A lot of people will include things in their blogs such as increasing participation in Makeover Monday. For 2018 I’m considering the opposite. Be selective! I will take part in some initiatives such as Viz for Social Good when the timing, topic and style of required visualisation suits me. But I have friends and contacts who would like me to visualise data on certain themes – publicising an issue or a dataset they are passionate about. It would be so much better to focus on these things without worrying whether I was taking part in every feeder competition or weekly makeover that comes my way: I don’t want to just plough in and keep working on visualisations for the sake of it. Perhaps it’s time to sit back and forge my own path in the creations I come up with. Essentially I’d like to focus on quality over quantity.

The header image for this blog post is a fast turnaround visualisation (following on from some of the world tile map work I’ve done) which visualises educational data around the world for UNICEF. I don’t know if they will use this or not, but if so then I’d love to stay involved. I’m already delighted to be involved with the United Nations and World Resources Institute (the viz below has recently been selected for WRI to use in 2018)

Dashboard 1-117

I’ll still do daft stuff like album cover visualisations though. Data visualisation is my job but also my hobby. So expect more of the same – if I consider it fun then I’ll continue to produce it, especially if I continue to learn by doing so.

4. Keep blogging

This blog! I really want to keep this going at a good rate – the time it takes to immerse myself in a long post is both a blessing and a disguise. I have five blog posts in draft (several of which didn’t make it past the first paragraph) which now won’t see the light of day unless resurrected. Andy Kriebel recently proudly announced his 500th blog post – one bit of advice he had was to never leave anything unpublished. Good incentive to see every idea through.

If you have any questions you would like featured, let me know! I’m sure there could even be room for guest posts too …

5. Centres of Excellence

This goal is a work/professional based goal. Recently Simon Beaumont gave a fantastic talk about running a Centre of Excellence within the NHS in the UK, and Paul Banoub has also given fantastic advice about the kind of things to consider when he spoke at the Tableau Conference in 2017 (in the interests of full disclosure, see (1) above, Paul’s talk is one I have still to see but I’ve heard nothing but praise for it).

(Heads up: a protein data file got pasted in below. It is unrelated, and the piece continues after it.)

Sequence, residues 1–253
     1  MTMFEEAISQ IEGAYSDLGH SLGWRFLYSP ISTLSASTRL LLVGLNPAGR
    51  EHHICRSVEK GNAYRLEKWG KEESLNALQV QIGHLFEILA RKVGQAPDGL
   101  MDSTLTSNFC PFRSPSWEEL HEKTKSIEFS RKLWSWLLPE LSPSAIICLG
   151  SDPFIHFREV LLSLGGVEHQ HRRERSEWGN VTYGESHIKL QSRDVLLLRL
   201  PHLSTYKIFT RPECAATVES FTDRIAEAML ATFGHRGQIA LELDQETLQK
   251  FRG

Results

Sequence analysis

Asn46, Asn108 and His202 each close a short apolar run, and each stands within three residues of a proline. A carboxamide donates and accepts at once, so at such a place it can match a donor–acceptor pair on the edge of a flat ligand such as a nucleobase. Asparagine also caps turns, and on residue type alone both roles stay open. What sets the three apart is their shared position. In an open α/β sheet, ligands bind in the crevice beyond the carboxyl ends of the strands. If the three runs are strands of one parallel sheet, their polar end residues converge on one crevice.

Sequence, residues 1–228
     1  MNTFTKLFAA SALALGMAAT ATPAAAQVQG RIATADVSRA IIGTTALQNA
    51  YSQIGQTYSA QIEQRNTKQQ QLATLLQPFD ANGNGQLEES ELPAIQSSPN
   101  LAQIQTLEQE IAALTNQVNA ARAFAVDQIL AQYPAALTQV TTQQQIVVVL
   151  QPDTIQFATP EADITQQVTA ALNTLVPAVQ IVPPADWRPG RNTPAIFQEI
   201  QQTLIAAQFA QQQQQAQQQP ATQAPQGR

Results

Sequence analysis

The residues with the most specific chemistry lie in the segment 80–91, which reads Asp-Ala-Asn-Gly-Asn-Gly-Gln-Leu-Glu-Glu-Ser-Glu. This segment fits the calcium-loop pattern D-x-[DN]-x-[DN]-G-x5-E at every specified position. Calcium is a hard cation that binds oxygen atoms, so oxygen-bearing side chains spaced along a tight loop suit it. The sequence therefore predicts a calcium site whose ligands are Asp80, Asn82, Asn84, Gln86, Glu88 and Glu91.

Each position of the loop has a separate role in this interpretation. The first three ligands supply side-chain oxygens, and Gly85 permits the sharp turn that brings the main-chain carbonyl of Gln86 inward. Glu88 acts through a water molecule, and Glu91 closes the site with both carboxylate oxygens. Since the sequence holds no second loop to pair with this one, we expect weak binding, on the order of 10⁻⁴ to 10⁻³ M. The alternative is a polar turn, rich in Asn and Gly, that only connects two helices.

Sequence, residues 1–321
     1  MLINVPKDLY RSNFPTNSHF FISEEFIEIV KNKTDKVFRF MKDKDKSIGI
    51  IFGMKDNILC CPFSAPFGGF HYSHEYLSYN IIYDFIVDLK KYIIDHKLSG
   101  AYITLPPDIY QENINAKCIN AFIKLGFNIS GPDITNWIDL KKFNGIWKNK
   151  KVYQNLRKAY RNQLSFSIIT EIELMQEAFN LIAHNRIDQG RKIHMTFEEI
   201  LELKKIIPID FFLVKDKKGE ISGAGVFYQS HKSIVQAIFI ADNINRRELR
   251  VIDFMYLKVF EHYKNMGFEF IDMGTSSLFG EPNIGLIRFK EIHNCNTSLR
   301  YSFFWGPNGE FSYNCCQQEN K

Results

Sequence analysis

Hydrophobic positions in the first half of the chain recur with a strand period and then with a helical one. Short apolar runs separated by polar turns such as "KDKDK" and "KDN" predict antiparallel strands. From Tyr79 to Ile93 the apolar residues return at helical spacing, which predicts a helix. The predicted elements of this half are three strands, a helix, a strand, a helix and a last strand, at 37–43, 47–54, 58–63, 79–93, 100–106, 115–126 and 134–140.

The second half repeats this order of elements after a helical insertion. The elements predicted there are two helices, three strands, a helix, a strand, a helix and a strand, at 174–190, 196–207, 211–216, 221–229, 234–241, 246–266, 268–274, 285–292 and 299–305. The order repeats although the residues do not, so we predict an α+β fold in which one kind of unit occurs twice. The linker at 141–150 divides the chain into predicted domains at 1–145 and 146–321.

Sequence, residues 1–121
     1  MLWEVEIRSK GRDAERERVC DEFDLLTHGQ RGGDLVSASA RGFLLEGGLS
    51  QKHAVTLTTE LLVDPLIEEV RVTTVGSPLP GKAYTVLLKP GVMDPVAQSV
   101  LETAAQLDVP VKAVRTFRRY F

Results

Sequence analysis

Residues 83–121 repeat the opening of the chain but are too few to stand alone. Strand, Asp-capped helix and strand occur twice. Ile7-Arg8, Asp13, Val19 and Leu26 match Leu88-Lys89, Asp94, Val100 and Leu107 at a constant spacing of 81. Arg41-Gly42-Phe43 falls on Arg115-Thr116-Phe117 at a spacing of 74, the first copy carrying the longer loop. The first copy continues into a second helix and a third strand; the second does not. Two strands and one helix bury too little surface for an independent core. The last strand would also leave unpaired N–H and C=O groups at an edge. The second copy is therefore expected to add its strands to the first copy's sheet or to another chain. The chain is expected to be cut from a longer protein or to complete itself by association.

I don’t work in a large department where I can adapt this in my own professional sphere, but there are certainly ideas I can implement and a basis for pushing for larger, more productive and involved teams and how I would love to see them run. There may be great opportunities to develop talent in my organisation and I’d like to be the one who helps do this. I’m not saying there’ll be a fully-fledged centre of excellence. But I’ll cagily suggest that I have loads of ideas for progression that I’d love to implement, using many of the ideas and principles that Simon (and no doubt Paul, sorry!) recommend.

6. Certification

Finally, an achievable and measurable goal. I’d like to take exams to be Tableau Certified.  I’ve worked using Tableau for long enough, and I think I’m good enough! But this will really help fill in gaps in my knowledge and take me onto another level as I learn and prepare for it.

There are other things – I’d like a Viz of the Day again! I can’t make it a goal because it’s out of my hands. But I continue to produce public work to be noticed and enjoyed, so it’s a great recognition if you’re lucky and privileged enough for it to happen. And I’d like to revisit d3.js. Having dabbled briefly before taking up Tableau, I’d really like to get back into using open source methods for data visualisation. It might be one goal too far, as I have a busy life and career using Tableau, but I may just do this if the opportunity presents itself.

That’s all for now – thank you all for reading throughout the year and Happy New Year for 2018, one and all!